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A Brief History of Chinese Porcelain 1: The Beginning

The invention of porcelain (瓷, Pinyin: cí) is an important milestone in China history and porcelain wares have been playing important role in Chinese's daily life since then.

The differences between porcelain and pottery (Chinese's definition)

Porcelain and pottery (陶, Pinyin: táo) are different, any clay with high viscosity can be used as raw material for pottery while porcelain can only be made with China clay (瓷土, Pinyin: cítǔ). Pottery needs lower firing temperature than porcelain does, 1,000°C is more than enough to produce pottery while firing porcelain requires temperature at 1200-1400°C. These differences make porcelain more durable and valuable than pottery.

Early porcelain

In the Shang (商, Pinyin: shāng) and Zhou (周, Pinyin: zhōu) era when bronze wares were the mainstream, by improving existing pottery making technique and many years of trials and errors, artisans successfully produced early porcelains which were better than pottery in many aspects. As these early porcelains were glazed in green color, it is called "Primitive Celadon" (原始青瓷, Pinyin: yuánshǐ qīngcí).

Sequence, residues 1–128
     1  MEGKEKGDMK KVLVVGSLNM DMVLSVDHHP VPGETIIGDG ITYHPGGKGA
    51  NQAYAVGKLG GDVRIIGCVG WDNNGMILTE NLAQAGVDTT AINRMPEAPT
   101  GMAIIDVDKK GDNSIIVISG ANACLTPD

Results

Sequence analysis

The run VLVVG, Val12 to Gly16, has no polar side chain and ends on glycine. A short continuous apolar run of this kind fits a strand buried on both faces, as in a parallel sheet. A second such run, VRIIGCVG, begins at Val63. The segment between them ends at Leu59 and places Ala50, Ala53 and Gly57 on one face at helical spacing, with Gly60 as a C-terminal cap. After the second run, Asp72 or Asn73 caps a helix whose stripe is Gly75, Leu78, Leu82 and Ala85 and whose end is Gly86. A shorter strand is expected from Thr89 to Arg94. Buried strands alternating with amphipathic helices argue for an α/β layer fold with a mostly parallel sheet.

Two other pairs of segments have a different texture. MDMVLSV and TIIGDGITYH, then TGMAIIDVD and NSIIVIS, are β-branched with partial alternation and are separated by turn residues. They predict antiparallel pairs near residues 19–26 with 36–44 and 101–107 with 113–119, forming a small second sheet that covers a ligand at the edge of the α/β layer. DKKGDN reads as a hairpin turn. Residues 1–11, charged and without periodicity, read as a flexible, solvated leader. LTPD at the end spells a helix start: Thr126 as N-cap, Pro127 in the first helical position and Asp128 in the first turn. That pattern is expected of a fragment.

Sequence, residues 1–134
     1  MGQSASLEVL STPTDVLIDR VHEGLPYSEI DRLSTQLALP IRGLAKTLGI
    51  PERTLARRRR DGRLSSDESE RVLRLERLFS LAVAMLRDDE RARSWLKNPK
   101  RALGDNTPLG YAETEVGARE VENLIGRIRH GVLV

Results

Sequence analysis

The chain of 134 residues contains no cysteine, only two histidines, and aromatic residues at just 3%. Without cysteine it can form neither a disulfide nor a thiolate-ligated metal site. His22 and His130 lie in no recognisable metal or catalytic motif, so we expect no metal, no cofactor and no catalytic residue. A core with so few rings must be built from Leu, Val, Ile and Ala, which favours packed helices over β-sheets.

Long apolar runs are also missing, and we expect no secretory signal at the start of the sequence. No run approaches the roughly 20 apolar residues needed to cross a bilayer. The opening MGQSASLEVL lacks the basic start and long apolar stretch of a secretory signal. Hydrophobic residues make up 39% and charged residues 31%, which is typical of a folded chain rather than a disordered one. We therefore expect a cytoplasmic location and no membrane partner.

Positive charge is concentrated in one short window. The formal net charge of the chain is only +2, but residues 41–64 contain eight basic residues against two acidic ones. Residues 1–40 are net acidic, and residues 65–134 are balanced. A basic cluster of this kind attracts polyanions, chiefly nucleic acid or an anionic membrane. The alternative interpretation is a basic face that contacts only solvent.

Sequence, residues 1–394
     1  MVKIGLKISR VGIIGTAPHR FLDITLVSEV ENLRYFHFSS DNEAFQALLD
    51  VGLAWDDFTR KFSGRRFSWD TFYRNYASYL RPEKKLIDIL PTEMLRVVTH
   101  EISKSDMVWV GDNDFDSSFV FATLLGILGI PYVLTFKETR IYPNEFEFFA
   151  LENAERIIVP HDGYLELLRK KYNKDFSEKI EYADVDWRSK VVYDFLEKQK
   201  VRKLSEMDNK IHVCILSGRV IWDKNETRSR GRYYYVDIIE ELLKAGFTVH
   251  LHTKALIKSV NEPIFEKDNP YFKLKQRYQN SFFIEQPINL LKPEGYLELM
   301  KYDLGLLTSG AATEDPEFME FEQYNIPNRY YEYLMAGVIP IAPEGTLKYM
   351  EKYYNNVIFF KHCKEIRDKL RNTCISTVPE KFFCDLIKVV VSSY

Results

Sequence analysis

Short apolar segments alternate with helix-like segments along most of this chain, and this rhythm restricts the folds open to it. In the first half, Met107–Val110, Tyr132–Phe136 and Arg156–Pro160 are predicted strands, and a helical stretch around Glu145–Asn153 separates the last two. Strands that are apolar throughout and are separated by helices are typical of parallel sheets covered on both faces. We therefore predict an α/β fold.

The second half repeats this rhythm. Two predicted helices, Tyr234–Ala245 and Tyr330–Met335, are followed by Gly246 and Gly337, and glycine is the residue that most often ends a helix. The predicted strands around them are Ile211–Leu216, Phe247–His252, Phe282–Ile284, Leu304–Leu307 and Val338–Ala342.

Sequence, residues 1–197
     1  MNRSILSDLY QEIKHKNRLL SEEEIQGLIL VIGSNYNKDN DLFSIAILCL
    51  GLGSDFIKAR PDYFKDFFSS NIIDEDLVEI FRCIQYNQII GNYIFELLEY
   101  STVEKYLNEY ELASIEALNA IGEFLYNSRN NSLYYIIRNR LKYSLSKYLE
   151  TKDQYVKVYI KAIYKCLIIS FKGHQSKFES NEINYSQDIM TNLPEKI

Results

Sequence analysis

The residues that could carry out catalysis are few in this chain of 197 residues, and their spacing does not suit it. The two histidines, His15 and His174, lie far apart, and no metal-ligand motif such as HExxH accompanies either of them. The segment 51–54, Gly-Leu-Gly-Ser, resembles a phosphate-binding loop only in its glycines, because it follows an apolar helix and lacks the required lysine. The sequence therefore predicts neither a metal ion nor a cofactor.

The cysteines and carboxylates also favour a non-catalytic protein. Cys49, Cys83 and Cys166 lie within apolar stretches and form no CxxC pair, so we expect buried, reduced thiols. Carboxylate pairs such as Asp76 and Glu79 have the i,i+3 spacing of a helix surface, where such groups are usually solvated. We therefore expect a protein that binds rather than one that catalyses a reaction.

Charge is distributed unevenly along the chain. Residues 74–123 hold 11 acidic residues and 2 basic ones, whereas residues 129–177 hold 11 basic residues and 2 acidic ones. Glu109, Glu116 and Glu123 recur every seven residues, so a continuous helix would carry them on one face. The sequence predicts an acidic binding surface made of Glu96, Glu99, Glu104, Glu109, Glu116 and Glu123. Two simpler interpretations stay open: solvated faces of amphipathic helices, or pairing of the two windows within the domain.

Modern studies have confirmed that primitive celadon and porcelain are made from similar materials, it was the primitive celadon makers' less proficient firing skills that made the final products not as fine as porcelain.

Primitive celadons were soon become popular as they were much more cheaper and easy to produce than were bronze wares. Artisans have produced many interesting primitive celadons which were inspired by the designs of the popular bronze wares at that time.

Say hello to porcelain

Slowly but steadily, primitive celadon was finally developed into porcelain in the Eastern Han (东汉, Pinyin: dōnghàn) era. The porcelains of the Eastern Han Dynasty were mainly celadon, but also a small amount of black porcelain.


A Brief History of Chinese Porcelain 2: Southern Green Northern White